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Discussion Starter · #1 ·
I think I've done this before and even seen it suggested in Jerry K's book. My bolt looks to be dropping just a tad late (right before it goes into the notch), isn't affecting anything yet. But in order to change this, I need only break it down all the way to the bolt as it's screwed in (not removing that or the spring) and simply bending the tail end of the bolt outward (slightly) so it will release a little earlier.


Right? Wrong? DONT DO THIS OR YOUR GUN WILL BLOW UP?
 

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Ohhhhhh...it would depend on where the problem is.

Or, the Bolt works in conjunction with, and is actuated by, the Rebound Lever.

The Rebound Lever is actuated by, and lifted by, a little 'Shelf' on the side of the base of the Hand.

The Hand is actuated by the motion of the Trigger.


Is it making a problem in any way? Cylinder over-rotating or anything in fast DA or SA cocking? Or..?
 

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Discussion Starter · #3 ·
well moving the bolt tail outward bends it slightly away from the shelf of the rebound lever so that it releases earlier from the shelf. The hand doesn't have a part in this. It is rotating the cylinder from the rebound lever fine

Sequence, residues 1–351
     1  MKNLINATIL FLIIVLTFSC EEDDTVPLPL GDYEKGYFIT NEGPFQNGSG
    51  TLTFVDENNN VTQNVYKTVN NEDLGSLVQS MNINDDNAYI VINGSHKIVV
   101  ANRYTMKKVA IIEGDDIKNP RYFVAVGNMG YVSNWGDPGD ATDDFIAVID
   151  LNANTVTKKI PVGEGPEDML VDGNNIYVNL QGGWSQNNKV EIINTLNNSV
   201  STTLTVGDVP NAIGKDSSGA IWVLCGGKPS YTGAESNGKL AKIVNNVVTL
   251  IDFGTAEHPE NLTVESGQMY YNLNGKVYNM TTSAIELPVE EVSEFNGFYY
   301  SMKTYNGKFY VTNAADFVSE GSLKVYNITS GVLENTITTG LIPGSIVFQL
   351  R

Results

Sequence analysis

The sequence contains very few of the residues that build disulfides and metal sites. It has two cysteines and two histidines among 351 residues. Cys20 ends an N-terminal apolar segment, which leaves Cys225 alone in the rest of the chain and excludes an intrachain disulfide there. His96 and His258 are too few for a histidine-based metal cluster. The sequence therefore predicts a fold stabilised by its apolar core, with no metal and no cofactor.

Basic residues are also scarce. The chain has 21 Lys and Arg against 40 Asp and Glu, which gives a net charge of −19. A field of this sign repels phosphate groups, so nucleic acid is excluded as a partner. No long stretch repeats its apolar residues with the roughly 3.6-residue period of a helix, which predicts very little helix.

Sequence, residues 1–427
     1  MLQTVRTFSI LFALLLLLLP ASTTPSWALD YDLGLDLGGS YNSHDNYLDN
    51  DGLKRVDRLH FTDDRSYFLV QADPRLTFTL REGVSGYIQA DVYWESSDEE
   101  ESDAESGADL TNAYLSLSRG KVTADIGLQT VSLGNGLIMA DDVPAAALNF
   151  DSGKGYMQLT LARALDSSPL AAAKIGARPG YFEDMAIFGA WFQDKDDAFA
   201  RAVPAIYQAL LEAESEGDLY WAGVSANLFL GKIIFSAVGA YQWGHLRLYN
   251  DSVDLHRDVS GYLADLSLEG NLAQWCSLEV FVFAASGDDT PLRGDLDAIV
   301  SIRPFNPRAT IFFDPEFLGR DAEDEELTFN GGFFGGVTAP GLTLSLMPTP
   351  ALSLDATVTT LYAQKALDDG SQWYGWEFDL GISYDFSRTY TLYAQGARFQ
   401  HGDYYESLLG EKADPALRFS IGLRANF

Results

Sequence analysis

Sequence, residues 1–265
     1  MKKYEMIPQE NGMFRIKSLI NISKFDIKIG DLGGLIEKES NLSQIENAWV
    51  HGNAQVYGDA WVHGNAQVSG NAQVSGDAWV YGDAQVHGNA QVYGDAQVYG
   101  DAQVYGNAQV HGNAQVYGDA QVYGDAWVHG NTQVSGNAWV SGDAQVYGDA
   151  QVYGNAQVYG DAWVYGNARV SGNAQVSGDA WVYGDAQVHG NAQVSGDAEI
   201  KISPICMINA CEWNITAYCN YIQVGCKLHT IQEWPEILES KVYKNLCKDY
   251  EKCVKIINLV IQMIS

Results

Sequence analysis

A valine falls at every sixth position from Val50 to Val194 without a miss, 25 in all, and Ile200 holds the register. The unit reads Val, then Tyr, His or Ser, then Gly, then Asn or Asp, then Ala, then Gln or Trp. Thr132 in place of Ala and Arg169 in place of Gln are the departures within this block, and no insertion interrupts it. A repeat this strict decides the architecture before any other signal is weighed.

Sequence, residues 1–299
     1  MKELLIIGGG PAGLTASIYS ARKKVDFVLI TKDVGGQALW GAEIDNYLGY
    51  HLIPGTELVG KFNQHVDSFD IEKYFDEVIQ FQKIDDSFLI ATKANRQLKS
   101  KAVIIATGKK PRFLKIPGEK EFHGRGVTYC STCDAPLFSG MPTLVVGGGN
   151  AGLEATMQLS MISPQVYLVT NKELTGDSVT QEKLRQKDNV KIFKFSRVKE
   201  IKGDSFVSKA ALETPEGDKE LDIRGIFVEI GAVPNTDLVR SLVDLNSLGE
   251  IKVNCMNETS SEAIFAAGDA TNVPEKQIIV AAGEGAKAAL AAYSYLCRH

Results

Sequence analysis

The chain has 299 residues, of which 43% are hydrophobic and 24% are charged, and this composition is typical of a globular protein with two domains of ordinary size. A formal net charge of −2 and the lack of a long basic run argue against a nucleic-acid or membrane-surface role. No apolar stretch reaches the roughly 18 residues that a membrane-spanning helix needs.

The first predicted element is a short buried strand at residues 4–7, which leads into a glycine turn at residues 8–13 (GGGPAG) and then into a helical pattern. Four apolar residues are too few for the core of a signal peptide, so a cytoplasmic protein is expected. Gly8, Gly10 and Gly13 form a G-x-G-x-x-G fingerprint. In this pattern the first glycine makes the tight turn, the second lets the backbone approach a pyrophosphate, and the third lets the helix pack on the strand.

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Adjusting a >properly< fitted bolt by bending the "tail" is the correct method.
BUT....... remove the bolt from the gun before bending. Bolt screws WILL break off if you bend with the bolt in the frame.
 

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Discussion Starter · #6 ·
I've done it before with no problem but seems like you were somebody else told me taking the boat screw out can cause other problems in the timing is that right or wrong?
 

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I've done it before with no problem but seems like you were somebody else told me taking the boat screw out can cause other problems in the timing is that right or wrong?
Simply removing a bolt and reinstalling it won't change anything.

Where Colt's can make you just crazy as a road lizard is that you have to totally disassemble the action, put in what you think is the right amount of bend, then totally reassemble it to see if you got it right. Taking it apart and reassembling it can get tedious.

Bending the "tail" of the bolt to properly time bolt drop is how Colt built them and how timing is adjusted after wear.
See Kuhnhausen.
 
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